Friday, February 21, 2014

How many kids do WE want

I realize that with our last two posts were about how Cait is fertile and asking how you decide how many kids to have might lead some to think that we are really close to deciding to get pregnant again.  I do have to admit that we have a pretty short history of times in our marriage where Cait was fertile, either not breastfeeding heavily, or pregnant, or having an IUD. Probably 6 months total in our five years of marriage. That being said I think we are pretty firmly at 2 kids for now. But I also have to admit that the old sidebar on this blog talking about how impulsive we are still very much applies, as in evidenced once again in my previous blog post on attending seminary.

Let's start with this: Our reasons for having kids, or not having kids, should not in anyway be taken as judgement for those who do or do not have kids based on different reasoning. It is so complex a decision that we really all have to admit that we are inadequate for perfectly making the decision for ourselves, let alone others. I think that is one of the reasons why this isn't a publicly discussed topic, both because it can be sensitive to the person who is asked, but that the answer can easily be taken as another front in the battle of who is the best parent, which certainly needs no more fronts on which to throw ourselves into combat. Now that is out of the way and let's move onto what we all came for.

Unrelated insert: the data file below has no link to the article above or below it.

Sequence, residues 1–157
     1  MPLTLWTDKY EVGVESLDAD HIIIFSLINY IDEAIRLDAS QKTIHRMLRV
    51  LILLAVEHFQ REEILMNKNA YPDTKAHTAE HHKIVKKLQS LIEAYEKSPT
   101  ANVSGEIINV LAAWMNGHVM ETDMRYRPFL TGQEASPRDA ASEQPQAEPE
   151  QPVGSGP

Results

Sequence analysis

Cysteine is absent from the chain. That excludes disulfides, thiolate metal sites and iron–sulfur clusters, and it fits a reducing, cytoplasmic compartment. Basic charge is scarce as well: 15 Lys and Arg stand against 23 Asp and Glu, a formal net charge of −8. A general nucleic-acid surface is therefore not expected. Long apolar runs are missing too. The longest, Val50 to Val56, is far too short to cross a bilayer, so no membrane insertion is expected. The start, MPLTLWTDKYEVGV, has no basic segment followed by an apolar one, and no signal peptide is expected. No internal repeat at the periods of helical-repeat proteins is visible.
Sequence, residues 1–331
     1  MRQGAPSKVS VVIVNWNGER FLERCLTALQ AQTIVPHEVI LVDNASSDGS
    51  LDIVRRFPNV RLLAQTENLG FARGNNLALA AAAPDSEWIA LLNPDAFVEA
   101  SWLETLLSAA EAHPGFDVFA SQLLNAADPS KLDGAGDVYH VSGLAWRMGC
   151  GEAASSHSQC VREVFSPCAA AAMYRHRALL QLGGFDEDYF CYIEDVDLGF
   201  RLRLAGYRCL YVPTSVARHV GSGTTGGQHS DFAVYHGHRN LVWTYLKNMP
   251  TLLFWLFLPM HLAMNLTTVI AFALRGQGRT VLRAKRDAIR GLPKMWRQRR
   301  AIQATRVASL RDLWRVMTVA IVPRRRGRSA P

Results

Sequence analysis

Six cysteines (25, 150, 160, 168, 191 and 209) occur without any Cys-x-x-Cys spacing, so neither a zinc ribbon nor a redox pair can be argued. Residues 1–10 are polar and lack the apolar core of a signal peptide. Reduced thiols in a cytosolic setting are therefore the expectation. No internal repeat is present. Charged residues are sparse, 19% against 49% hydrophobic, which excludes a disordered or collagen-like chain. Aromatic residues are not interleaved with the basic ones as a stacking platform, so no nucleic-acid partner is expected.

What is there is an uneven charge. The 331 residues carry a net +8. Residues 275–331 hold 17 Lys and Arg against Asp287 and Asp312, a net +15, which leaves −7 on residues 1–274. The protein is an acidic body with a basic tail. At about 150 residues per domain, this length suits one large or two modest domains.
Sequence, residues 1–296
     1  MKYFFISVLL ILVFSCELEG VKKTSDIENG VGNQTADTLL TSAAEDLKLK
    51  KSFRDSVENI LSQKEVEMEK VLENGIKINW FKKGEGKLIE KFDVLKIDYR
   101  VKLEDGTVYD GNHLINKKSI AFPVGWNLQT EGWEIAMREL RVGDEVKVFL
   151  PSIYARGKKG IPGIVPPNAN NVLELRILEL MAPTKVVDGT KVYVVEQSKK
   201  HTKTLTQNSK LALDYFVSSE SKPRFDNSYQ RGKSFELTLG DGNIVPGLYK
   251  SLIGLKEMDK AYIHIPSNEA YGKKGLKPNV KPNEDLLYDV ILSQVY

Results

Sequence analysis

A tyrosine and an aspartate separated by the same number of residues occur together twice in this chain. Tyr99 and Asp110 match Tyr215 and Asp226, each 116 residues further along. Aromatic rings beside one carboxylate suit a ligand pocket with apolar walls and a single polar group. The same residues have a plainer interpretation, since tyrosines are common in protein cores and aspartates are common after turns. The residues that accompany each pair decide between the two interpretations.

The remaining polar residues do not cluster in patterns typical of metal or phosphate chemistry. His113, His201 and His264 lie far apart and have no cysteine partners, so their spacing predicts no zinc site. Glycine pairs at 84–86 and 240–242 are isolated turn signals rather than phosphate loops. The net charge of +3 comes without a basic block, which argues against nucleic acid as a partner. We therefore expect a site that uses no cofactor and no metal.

I don't want anymore kids. There, I said it.

Part of me, of course, really wants more kids. Babies are cute. Our kids are cute and I love them probably like I would love any other kids that came into our lives. I want my kids to have friends. I don't want to be alone in my old age. All reasons left in the comments of our last post. Nevertheless, most of the time and with most of my rational mind, I don't want any more kids.

Here is some of my (once again, admittedly inadequate and highly personal) reasoning:

1) This is already hard enough. A friend from the MESA program at BYU asked me what the hardest part of being a parent is as she and her spouse were contemplating having kids. For me the answer is pretty clear: I am so often deeply disappointed in myself as a parent, and dealing with that self-dissapointment is really tough. I am usually a very patient person, but with my kids, my patience runs out agonizingly quickly. I am already so far away from the kind of parent I want to be, and it is significantly harder to get close with two kids than it was with one. Yes, it will get easier as they get older, but I think I've already made as much of a compromise between present difficulty and future good times as I am willing to make. This, of course, has to do with my choices as to parenting style, but I'm not willing to make much more of a compromise on that either.